Working for a living, actually having somewhat of a life and the social obligations that come with that are all things that interfere with my writing time. It’s something I find frustrating, but it’s the way it is. I don’t make money writing, and living costs money, so I need to work. My introvert nature makes my need for social interacting low, but I still need it, occasionally.
Even when I don’t need it, friends and family might and I don’t have the right to dictate how and when we see each other, I have to adapt to their schedule as much as they to mine. Most of the times other people asking for my presence in their life is healthy for me, and for my writing.
When I don’t have work or friends and family pulling at me, I sometimes tend to hibernate in my own apartment. I want my time for writing so badly that, when I get the opportunity, like on vacation or national holidays, I’ll stay inside my apartment for a week and don’t talk to anyone.
As far as writing, it’s a recipe for disaster and the worst thing I can do to myself, I know this, but sometimes it’s hard for me to break it. When I lock myself away from the world like that, I never get any writing done. I end-up sitting for twelve hours in front of my computer, but instead of writing I’ll do nothing or play video games.
This stress I feel not to get enough time to write takes over and becomes this monster that eats every ounce of creativity, and I become lethargic and unfocused. The best piece of writing I ever did, happened when I created a routine. Sundays I would meal plan and prep food for the following week.
During the week I’d go to work and come home around five. Cooking dinner would take me maybe ten-fifteen minutes at most because I’d prepared food for the whole week. Then I’d eat my dinner while watching an episode of a random show I was following, as we established in THIS POST, I follow quite a few. That way I could clear my head from all work related thoughts and get dinner out of the way. By six, six-thirty at the latest, I was done, dishes put away and then the evening was mine. I’d write to maybe nine or ten, sometimes later if I had a flow going.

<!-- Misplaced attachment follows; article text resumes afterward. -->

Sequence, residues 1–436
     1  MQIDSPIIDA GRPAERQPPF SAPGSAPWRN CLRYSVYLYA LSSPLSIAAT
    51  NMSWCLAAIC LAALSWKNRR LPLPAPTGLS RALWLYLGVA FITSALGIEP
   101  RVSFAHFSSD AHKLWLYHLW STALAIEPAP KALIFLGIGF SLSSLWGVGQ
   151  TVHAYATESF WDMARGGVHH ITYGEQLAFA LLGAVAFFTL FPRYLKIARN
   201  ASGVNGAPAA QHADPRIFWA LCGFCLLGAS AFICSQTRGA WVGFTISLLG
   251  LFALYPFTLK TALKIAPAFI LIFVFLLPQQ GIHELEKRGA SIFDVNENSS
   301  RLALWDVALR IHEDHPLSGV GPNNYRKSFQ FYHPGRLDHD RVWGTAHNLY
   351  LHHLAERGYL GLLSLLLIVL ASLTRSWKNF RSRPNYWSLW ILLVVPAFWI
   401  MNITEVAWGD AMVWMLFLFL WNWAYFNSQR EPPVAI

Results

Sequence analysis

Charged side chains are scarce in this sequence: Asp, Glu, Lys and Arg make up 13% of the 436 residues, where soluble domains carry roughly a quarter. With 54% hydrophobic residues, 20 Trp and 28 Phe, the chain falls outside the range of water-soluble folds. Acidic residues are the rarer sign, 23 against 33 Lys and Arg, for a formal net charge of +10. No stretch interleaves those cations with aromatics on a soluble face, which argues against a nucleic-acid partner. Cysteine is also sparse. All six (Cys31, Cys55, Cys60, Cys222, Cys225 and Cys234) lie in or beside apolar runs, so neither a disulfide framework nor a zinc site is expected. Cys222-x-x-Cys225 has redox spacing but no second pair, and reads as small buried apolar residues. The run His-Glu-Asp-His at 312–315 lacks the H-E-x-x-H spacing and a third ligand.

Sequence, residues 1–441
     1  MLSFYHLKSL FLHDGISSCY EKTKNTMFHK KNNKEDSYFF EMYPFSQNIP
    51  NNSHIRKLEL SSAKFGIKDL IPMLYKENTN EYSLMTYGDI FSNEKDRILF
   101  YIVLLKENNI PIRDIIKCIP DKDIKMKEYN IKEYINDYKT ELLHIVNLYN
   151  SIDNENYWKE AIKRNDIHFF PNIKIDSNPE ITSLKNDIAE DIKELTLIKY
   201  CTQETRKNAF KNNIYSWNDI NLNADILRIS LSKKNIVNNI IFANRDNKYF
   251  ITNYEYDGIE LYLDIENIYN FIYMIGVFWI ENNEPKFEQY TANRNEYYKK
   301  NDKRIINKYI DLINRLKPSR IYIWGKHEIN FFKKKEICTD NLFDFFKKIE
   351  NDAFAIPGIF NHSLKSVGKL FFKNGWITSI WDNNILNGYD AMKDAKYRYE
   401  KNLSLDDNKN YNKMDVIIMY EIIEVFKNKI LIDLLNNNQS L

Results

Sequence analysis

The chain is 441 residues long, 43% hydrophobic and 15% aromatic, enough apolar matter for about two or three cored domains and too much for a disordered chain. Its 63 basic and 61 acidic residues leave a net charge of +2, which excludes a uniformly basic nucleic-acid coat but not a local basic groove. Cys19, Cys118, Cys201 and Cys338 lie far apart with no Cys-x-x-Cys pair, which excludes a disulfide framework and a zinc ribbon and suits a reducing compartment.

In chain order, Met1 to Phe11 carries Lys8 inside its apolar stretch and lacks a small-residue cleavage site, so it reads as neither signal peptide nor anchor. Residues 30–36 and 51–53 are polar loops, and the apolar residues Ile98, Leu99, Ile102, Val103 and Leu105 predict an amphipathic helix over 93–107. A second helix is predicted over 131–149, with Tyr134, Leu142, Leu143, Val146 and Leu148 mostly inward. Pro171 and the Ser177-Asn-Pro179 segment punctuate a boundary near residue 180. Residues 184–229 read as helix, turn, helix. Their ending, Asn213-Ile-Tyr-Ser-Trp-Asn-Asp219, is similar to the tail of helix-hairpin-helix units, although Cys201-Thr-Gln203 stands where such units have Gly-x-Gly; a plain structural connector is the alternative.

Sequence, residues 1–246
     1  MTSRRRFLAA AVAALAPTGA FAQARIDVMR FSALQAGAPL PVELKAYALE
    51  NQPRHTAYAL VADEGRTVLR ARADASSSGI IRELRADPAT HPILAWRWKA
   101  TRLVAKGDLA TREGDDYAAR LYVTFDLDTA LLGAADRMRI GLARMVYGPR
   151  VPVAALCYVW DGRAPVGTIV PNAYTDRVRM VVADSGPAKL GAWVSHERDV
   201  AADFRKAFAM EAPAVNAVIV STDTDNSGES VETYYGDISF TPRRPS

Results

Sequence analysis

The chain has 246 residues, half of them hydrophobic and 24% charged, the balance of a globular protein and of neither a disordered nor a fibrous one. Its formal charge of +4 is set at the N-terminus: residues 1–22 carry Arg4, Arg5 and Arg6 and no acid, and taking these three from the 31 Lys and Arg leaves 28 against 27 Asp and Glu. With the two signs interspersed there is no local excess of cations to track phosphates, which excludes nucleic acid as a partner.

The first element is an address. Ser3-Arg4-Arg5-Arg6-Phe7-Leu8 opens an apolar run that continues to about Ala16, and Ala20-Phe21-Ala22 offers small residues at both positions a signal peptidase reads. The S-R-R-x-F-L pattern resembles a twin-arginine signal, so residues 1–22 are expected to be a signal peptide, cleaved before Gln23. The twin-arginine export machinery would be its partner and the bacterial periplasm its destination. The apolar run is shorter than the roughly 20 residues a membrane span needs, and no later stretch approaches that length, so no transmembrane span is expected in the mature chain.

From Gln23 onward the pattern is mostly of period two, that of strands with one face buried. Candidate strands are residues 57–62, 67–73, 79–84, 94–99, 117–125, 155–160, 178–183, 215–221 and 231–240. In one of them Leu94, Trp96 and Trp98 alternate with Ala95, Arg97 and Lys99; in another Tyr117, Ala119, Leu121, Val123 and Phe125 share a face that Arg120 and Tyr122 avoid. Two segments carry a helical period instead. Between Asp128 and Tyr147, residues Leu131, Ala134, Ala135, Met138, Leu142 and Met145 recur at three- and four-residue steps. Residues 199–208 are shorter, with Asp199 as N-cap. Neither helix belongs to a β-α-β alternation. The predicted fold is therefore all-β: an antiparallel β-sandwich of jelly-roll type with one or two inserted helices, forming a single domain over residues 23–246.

During the weekend I’d make time to see my friends and family, it was frustrating when they called me in the middle of writing a scene; they don’t know about my writing, but that’s the subject for another day; I closed the computer, and I prioritized them. In doing so, I also gave myself time to recharge. Writing is fun, but I tend to forget it takes a lot out of me. I need to recharge my batteries.
I had a week’s vacation last week; I spent some of it in Stockholm with a friend and her son, kid germs are evil, and I got sick. I’ve had a cold off and on now for almost two weeks, and because of it, I went into my hibernation state. There are pros and cons of being able to work from home when you’re not feeling well.
I could finally pull myself out of it today. No matter how much of an introvert you are, shutting yourself away from the world for too long is not healthy. So, today I took a walk through the beautiful city I live in. I stopped for lunch and read Volume 3 of Lady Mechanika.
I continued on down to the water, it’s the Baltic Sea for those of you wondering, and walked along the promenade. I stopped for a little rest to look out on the ocean and up into the crown of a tree.
To put your heart and soul into what you write, it needs nourishment. What we feed our soul is different for each of us, but we need to give it something back for what we take out.
For me that means, reading something I didn’t write, it means walking along a pebbled shoreline, kicking my off my shoes and using one to hold the treasures I find.
I walked through our Botanical garden on my way back through the city. I’ll never be able to describe the scent of all those roses.
For me, recharging my soul and my creativity means walking along this beautiful old city wall that holds so much history, almost a thousand years of life have echoed against it. It’s the sun against my face as I lie down on a bench and watch the sky and one of the towers against it.
For five days I’ve been closed off from the world in my apartment, I’ve written two hundred words, maybe. I’ve started three blog posts and then discarded them all, unhappy with their outcome and unsure what to write. Four hours out of my apartment and I know where I want to take the scene I’ve been struggling with, I’ve written this in less than an hour, and I have ideas for at least three more posts.
Sometimes, I am my own creativity’s worst enemy, and I have to make myself remember that locking myself away will not make me write more or faster, it will make me write less.
So, if you’re an introvert like me, if you’re struggling with writing, studying, anything that demands a lot of thought and/or emotional investment, maybe what you need is a change of scenery, a day off. A few hours to shut off your head and breath while you look at beautiful things. Don’t forget to invest in yourself.
Credits: All images are mine and may not be used without my permission.